Old story, new traditions: How Hanukkah is celebrated through generations

Food, music, legendary stories and a legacy of Jewish survival - these are ways in which Hanukkah is memorialized.

 Images of Hanukkah are splashed on the walls of Jerusalem’s Old City. (photo credit: MARC ISRAEL SELLEM)
Images of Hanukkah are splashed on the walls of Jerusalem’s Old City.
(photo credit: MARC ISRAEL SELLEM)

Jerusalem Report logo small (credit: JPOST STAFF)Jerusalem Report logo small (credit: JPOST STAFF)
History tends to repeat itself, or as Sholem Aleichem put it in one of his stories, “The Wheel Makes a Turn.” He wrote about Hanukkah, depicting a proud Jew lighting the nine-branched candelabrum, and celebrating this festival of dedication and liberation with warmth and affection.

Later in the story, this same Jew, now old and infirm, is barely allowed to light the hanukkiah by his assimilated son, while his grandson is not even allowed to watch. The story ends when the grandson is an adult, and celebrates Hanukkah with his friends to the dismay of his “modern” parents who cannot understand that their son has rejected their assimilation and returned to his Jewish roots.

Hanukkah is one of Israel’s favorite festivals and is widely celebrated even by secular Jews. Unlike in the Diaspora, it doesn’t have to compete with the glamor of Christmas with its shopping frenzy, Santa Claus, carols and Christian connotations that can be very seductive even to Jews.

Standing alone as The Festival of Lights, you can see the hanukkiot with their tiny, multi-colored candles burning on almost every windowsill in Jerusalem, and at sunset, you’ll hear voices from quivering childish soprano to deep baritone, all singing “Maoz Tsur” – O Fortress, Rock of My Salvation. There is candle-lighting and free sufganiyot (doughnuts) in my local supermarket every evening for the eight days, and a giant menorah burns atop the Knesset and many public buildings and water towers throughout the country. Gifts are exchanged, children receive Hanukkah gelt often in the form of chocolate coins, and dreidels inscribed with the first letters of the Hebrew words: “A great miracle happened here” are spun.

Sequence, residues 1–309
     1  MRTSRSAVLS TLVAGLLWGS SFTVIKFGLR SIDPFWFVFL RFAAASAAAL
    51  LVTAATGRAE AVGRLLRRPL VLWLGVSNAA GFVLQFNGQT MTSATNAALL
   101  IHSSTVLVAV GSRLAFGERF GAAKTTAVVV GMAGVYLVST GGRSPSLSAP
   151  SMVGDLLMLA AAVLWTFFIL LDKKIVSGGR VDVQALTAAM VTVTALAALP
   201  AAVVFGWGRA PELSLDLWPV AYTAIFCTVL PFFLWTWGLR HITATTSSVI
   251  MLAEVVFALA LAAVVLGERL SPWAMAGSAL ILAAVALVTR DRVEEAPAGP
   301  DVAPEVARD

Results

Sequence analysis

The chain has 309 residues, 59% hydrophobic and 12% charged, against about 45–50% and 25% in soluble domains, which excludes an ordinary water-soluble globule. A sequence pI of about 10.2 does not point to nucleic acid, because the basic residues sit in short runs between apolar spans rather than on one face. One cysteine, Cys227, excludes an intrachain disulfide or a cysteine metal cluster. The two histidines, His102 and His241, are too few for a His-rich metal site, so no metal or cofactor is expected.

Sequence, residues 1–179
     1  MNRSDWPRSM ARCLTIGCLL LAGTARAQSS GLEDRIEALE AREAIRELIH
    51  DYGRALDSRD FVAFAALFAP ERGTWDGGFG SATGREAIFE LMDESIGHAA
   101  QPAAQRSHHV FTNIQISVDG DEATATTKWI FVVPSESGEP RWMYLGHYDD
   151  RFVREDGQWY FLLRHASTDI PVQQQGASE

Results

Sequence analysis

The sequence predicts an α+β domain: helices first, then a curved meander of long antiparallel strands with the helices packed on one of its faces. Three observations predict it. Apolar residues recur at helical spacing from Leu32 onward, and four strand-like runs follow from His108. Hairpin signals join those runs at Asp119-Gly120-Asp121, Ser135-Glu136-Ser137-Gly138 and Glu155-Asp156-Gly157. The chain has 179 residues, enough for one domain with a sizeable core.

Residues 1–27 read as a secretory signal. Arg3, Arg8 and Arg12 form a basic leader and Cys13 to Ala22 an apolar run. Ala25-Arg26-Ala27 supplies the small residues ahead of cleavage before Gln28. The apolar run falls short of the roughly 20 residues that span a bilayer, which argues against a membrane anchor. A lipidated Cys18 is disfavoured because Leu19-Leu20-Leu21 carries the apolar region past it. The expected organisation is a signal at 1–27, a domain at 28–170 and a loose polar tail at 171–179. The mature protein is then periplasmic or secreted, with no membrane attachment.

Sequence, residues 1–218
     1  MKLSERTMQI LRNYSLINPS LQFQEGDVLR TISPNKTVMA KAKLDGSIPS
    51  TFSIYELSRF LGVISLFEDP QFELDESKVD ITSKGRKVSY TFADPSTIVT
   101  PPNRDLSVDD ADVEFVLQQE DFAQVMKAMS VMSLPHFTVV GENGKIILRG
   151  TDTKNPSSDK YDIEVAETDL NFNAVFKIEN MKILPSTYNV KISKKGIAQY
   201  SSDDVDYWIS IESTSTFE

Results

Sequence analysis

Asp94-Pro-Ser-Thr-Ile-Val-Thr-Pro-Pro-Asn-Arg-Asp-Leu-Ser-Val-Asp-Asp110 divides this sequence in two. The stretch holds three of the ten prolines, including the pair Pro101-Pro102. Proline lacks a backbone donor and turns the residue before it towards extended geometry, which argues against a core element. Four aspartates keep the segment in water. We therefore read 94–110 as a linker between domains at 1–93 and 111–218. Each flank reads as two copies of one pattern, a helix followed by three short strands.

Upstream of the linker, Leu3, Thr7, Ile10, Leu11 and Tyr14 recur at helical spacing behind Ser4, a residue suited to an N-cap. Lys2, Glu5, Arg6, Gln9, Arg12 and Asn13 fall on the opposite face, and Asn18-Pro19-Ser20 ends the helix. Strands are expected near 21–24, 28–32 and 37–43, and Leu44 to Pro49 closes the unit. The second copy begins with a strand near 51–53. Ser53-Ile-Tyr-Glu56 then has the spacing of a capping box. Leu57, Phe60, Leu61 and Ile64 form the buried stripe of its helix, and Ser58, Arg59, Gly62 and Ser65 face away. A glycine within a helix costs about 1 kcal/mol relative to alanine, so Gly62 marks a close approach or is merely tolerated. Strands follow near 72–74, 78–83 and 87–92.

The Zionist movement has used Hanukkah as a symbol and historical precedent of national survival. The Maccabi sports organization was named after the Maccabees who instituted the festival, and it is marked with the Maccabiah, a quadrennial international sports meet like the Olympics.

Apart from its melodic and rousing tune, the singing of “Maoz Tsur” is a feature of the holiday with mysterious origins. The only clue to its composer is the acrostic of the first five stanzas, spelling out the name “Mordecai,” a common practice at the time and one used in a lot of Sabbath songs. Many scholars believe him to be Mordecai ben Isaac, who lived in Germany in the 13th century.

There is a Chabad saying that “Song opens a window to the secret places of the soul.” It is hard to define what makes music specifically Jewish, and many categories exist, including hassidic, Yiddish, Yemenite, Moroccan, Kurdish, Israeli and “religious.” A broad range.

There is nothing in Jewish law against creating new tunes for hymns. The Gerer Rebbe once stated: “Were I blessed with a sweet voice, I would sing you new hymns and songs every day, for with the daily rejuvenation of the world, new songs are created.” Rabbi Nachman of Bratslav wrote: “How do you pray to the Lord? Come, I will show you a new way… not with words or sayings, but with song. We will sing and the Lord on high will understand us.”

When we sing “Maoz Tsur” as a family gathered around the candles, there is harmony of a special kind. The harmony is not just in the song, but in the sanctity and affection that binds the Jewish family and gives it a foundation as solid as a rock.

In painful times for Israel, with so much suffering and loss in all its history, it brings a measure of comfort to be able to recite the traditional blessing:

“Blessed art Thou, O Lord our G-d, King of the Universe, who has kept us in life and hast preserved us, and enabled us to reach this season.”

Happy Hanukkah!  

The writer is the author of 14 books, including The Pomegranate Pendant, which was made into a movie titled The Golden Pomegranate. Her latest novel is Searching for Sarah. dwaysman@gmail.com